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Pete’s Guitar

by Bob Sorensen


Dave sat there for the next few minutes afraid to move, aggressively hoping the lights would come back on. But they didn’t, and the room stayed inky black, and without all of the large cooling fans running, deafeningly silent. If there had been crickets in the building, this would have been their cue.

Finally Dave stumbled over to the door, lighting the way with the faint green glow of his digital watch. The door refused to open and Dave started to panic until he realized with the power out the automatic opener was off-line. He used the manual crank hidden behind a small access panel near the floor. Once outside he took a deep breath, leaned against the wall, and slowly slid to the floor, his feet straight out in front of him.

“What do I do now?” he said, his voice echoing off the empty walls. The only sound was the faint buzz of the electric lights casting a harsh glare. Dave didn’t want to go back to the office. He was terrified someone would ask him where Stewie was, and he knew he was too rattled to lie.

Finally Dave decided to sneak out and go home to the empty basement apartment he and Stewie shared. When he got there, the place was too quiet and too empty. One of Stewie’s t-shirts was draped over the refrigerator.

Not hungry, Dave skipped dinner and went to bed early, but he spent the long night tossing and turning. Finally, at about five a.m., he gave up trying to sleep and went back into the office, deciding at least there he would be closer to the problem.

Dave spent the morning moping around his cubicle. Luckily, neither Gladstone nor anybody else bothered him because they would have known something was wrong. Dave hadn’t showered, his hair was sticking straight up, and he was wearing an old t-shirt, the one Stewie had given him for his sixteenth birthday. The freshly ironed collared shirt scheduled for today had been left hanging back in the apartment still fresh in its plastic wrapper.

Dave was having his third, or perhaps his fourth, anxiety attack of the morning when Zoe and Janna stuck their heads into his cube.

“Ouch,” said Zoe, “you, my man, have looked better. I mean the hair thing I can live with, but the greasy sheen needs work.”

Janna simply nodded hello.

Dave put down the paper bag he had been breathing into and groaned.

Zoe peeked over into the next cubicle and said, “So where’s Stewie? Sleeping in today?”

Dave decided he would try to act casual. He sat up straight and said, “I don’t know. He was supposed to be here. But he’s not. He must be somewhere else. You don’t see him here, do you?”

Zoe and Janna looked at each other.

“Whoa,” Zoe said. “It’s all right. We can catch up with him later. We just stopped by to see if you guys wanted to get a snack or something in the cafeteria.”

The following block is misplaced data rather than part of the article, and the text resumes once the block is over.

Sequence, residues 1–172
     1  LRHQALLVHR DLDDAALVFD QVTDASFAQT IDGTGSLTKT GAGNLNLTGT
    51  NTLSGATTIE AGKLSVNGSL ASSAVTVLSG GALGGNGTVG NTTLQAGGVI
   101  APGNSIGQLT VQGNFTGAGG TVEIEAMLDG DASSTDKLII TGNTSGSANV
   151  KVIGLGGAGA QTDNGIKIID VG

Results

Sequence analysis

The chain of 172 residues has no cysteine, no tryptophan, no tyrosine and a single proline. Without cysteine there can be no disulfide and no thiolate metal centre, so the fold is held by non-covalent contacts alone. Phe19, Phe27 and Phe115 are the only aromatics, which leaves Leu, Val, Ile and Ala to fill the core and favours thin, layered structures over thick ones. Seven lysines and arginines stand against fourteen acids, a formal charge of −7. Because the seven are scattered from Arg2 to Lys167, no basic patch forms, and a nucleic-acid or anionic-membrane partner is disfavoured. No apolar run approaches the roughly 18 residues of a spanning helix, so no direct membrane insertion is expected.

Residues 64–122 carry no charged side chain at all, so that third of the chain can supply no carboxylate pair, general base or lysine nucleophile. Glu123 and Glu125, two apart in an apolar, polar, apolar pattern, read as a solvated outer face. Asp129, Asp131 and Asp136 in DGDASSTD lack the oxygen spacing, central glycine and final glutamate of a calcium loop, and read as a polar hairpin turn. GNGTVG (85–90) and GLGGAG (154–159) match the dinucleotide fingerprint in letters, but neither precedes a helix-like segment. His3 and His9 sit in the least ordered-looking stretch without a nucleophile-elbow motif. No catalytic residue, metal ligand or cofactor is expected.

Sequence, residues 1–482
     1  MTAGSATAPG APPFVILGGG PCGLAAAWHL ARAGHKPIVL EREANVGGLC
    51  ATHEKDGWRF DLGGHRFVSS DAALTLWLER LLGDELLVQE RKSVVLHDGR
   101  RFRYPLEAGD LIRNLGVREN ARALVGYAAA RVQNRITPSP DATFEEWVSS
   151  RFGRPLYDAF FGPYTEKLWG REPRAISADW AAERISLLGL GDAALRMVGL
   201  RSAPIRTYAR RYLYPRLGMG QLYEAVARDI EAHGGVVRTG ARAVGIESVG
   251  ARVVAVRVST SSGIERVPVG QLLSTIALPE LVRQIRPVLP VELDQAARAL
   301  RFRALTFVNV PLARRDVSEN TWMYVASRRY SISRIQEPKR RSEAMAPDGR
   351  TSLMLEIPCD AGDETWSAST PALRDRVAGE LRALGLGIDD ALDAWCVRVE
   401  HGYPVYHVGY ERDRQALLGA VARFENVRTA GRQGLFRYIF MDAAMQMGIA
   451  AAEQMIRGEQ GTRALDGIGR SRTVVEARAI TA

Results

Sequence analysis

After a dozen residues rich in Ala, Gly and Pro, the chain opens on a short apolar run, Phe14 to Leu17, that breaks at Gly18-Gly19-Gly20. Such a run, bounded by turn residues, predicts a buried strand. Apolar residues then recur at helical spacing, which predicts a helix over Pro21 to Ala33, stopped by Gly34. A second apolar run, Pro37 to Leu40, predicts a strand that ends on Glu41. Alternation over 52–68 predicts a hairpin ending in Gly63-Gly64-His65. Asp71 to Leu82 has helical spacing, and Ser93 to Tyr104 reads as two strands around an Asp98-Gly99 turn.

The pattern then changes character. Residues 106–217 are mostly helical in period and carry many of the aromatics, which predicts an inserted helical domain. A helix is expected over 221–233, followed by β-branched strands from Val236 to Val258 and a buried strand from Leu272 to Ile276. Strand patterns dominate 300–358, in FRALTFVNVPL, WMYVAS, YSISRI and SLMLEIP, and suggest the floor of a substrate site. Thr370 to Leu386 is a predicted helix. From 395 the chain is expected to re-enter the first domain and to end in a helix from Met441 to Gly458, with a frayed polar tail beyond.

Dave slumped back in his chair. “Now’s not really a good time. We’re kinda busy. Stewie’s off on a... special project.” He leaned forward and whispered, “It’s very hush-hush.”

Zoe shrugged. “Sounds intriguing. Well, tell him we stopped by.”

Zoe left. Janna hung back for a few seconds. “I’ll see you at lunch, won’t I?”

Dave nodded weakly.

“Cheer up,” Janna said. “It can’t be that bad.” Then she reached out and pushed up Dave’s glasses.

Zoe called from up the aisle. “Let’s move it, girl. Gotta get back to the gulag. Make sure the bills get paid on time.”

Janna turned and walked out.

Dave put his head down on the desk. A new wave of panic washed over him. He started to moan and then suddenly stopped.

He picked his head up, stood, and slapped his hand on the desk top. He might have even laughed out loud. Loud enough for a couple of heads to appear over the cubicle walls. Dave ignored them and sprinted up the aisle.

He caught sight of the two young women by the vending machines. “Hey,” he shouted from down the hall. “Wait up.”

He ran up behind them and skidded to a halt, nearly crashing into Janna.

Zoe looked at him. “Wow, what’s up with you? Stewie spiking your coffee again?”

“You guys, you work in logistics right?” he asked between gasps.

Janna nodded. “Yup. Without us, nothing would get done around here.”

“You mean things like keeping the water running, stuff like that?”

Zoe nodded. “It’s pretty freaky. Last month the phone bill was over twelve thousand bucks. Before this summer, I didn’t know a place like this even got a phone bill.”

“What can you tell me about the electricity?”

“That’s my department,” said Janna. “At least it will be until September.”

Dave took another deep breath. “Why would the lights go out, say in an office or, maybe like a lab?”

Janna frowned, thought for a minute, then broke into a smile. “That’s easy. We may pay our bill to the electric company, but we charge each of our customers separately for our services. So if there was an office that did work for some client, we would bill them for the electricity.”

Dave grabbed Janna by the shoulders. “So what happens when the client stops paying us?”

“We shut down all the utilities to that office. Until another contract comes along. It saves us a bunch of money.”

Dave took another breath. “Who decides where and when to turn the lights off? And on?”

“Most of that is done automatically through the facilities management software, but some people have user id’s for the utilities database.”

Dave slumped. “I guess they’re pretty strict about giving those user id’s out?”

“Not really,” Janna shrugged. “They gave me one my first day.”

Dave looked up and down the corridor. He lowered his voice and whispered to the girls. “In that case, I have a favor to ask you.”

Zoe and Janna refused to do anything until he told them the entire story. The girls flipped between amazement at what the boys had accomplished and horror at the risk they had taken.

Zoe was particularly angry. “How could you have done this? Stewie, I can understand; he has no common sense, but you, Dave? I expected better.”

Dave didn’t have any real response. He answered meekly, “It seemed like the thing to do at the time.”